Weight gain can lead to significant impact on lifestyle and cardiovascular diseases with the propensity for diabesity [63-66]. Co-existent diabetes and obesity termed as diabesity is an emerging epidemic which can present a challenging scenario for management and further increases the risk of morbidity and mortality. Obesity increases the risk of hypertension and dyslipidaemia contributing to the overall cardiovascular risk profile. Obesity along with hyperglycaemia and other risk factors such as smoking, hypertension, dyslipidaemia can increase all-cause mortality and cardiovascular mortality in patients with diabetes [63,67]. Framingham study has shown that 2.25 kg increase in weight over 16 years is associated with 20% rise in the summed severity of six cardiovascular disease risk factors in men and 37% increased risk in women and 78.8% women and 86.9% men with obesity and diabetes have a 30-year risk of developing cardiovascular disease. Swedish National Diabetes Register study showed that among overweight/obese T2DM patients who gained weight per 1 unit increase in BMI there was a 13% increased risk of fatal and nonfatal Coronary Heart Disease (CHD) [68]. Patients with higher BMI have been found to have more severe retinopathy (P<0.0001) and neuropathy (P=0.007) in T1DM [69]. Weight gain attributable to pharmacotherapy may further lead to increased frustration in these patients leading to premature discontinuation of drugs or poor adherence. Delay in initiation of insulin therapy and non-compliance may also result due to weight gain. Obesity leads to a vicious cycle of insulin resistance, progression of diabetes with current management of intensive glycaemic control. Obesity is a major deterrent in the management of diabetes mellitus [68].

Insulin pumps: Hypoglycaemia and weight gain

Patients achieving glycaemic control by infusion pumps had lower episodes of hypoglycemia when compared to their pre pump years. The decrease in severe hypoglycemia is attributed to proper planning, frequent blood glucose checks, decreasing basal insulin infusion rates during and after heavy exercise, checking basal rates and bolus accuracies. Patients with diabetes who achieve better glycemic control with insulin therapy may gain weight as the glucose will be expended for energy purposes rather than being eliminated in urine. However, few patients may tend to eat more as it is easy to push buttons to administer an extra dose of insulin when compared with an injection [70].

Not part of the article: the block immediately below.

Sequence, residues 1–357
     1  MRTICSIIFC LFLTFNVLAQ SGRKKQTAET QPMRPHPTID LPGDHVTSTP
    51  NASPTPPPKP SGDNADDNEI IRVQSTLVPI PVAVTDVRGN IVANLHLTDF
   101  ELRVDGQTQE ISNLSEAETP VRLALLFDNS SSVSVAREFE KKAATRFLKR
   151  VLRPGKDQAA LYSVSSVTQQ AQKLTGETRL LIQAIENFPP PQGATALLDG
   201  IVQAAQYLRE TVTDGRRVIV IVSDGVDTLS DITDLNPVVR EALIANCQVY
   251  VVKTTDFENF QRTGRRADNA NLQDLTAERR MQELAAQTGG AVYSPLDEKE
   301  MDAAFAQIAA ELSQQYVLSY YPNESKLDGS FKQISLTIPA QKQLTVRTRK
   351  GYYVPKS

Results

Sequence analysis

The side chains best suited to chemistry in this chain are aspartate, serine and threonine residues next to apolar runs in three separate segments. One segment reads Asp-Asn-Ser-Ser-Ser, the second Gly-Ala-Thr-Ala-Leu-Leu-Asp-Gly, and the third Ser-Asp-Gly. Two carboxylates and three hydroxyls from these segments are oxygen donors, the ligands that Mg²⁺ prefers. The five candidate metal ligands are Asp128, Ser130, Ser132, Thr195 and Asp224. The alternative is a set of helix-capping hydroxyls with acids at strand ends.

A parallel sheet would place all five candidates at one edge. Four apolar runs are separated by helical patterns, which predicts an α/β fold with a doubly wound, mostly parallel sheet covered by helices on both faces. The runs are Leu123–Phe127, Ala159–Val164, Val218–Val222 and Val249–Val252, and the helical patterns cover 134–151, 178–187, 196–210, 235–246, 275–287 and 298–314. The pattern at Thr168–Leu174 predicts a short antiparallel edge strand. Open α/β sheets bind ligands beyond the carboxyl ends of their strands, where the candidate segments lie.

Newer Treatment Options

The present standard of care and pharmacological therapy for diabetes is unable to meet the unmet real world clinical challenge of hypo-obesity. There is a need for novel and newer drug therapies to effectively prevent complications of current management therapyhypoglycaemia and obesity. The newer drugs include glucagon-like peptide-1 (GLP-1) mimetic, dipeptidyl peptidase-4 (DPP-4) inhibitors, sodium glucose transporter 2 (SGLT2 inhibitor) and long acting and intermediate acting insulin analogues [71,72].

GLP-1 analogues slow gastric emptying and increase satiety, which is responsible for weight loss and have been associated with a significant reduction in mean body weight from baseline (−2.1 ± 0.2 kg), with progressive reductions over 2 years (−4.7 ± 0.3 kg) [73].

A meta-analysis of 13 trials including DPP-4 inhibitors vildagliptin, saxagliptin and sitagliptin by Dicker et al. [73] has demonstrated that these drugs are weight neutral and were associated with minimal incidence of hypoglycaemia when used as monotherapy or in combination therapy. Other major studies are being conducted to further analyse their effects on cardiovascular outcomes. SAVOR-TIMI 53 was a phase 4, randomized, double-blind, placebo-controlled trial conducted in 25 countries that was designed to evaluate the safety and efficacy of saxagliptin during long-term treatment of approximately 16,500 patients with T2DM. This study concluded that saxagliptin had no effect on the risk of cardiovascular death, nonfatal myocardial infarction, or nonfatal ischemic stroke in patients at high risk for CV events [74].

Linagliptin, the newest DPP-4 inhibitor (approved by the FDA in May 2011) will be evaluated in the Cardiovascular Outcome Study of Linagliptin Versus Glimepiride in Patients with T2DM (CAROLINA study), a multicentre, international, randomised, parallel group, double blind study [75].

Amylin mimetic drugs reduce the production of glucose by the liver by inhibiting the action of glucagon and diminishing postprandial glucose fluctuations. They have been shown to be more useful in insulin dependent diabetes when compared with T2DM. The role of dual and PPAR–alpha and gamma agonists in the management of diabetes is presently uncertain following safety concerns like edema and weight gain. However their favourable effect on lipids and glycaemic control encourages further research [76].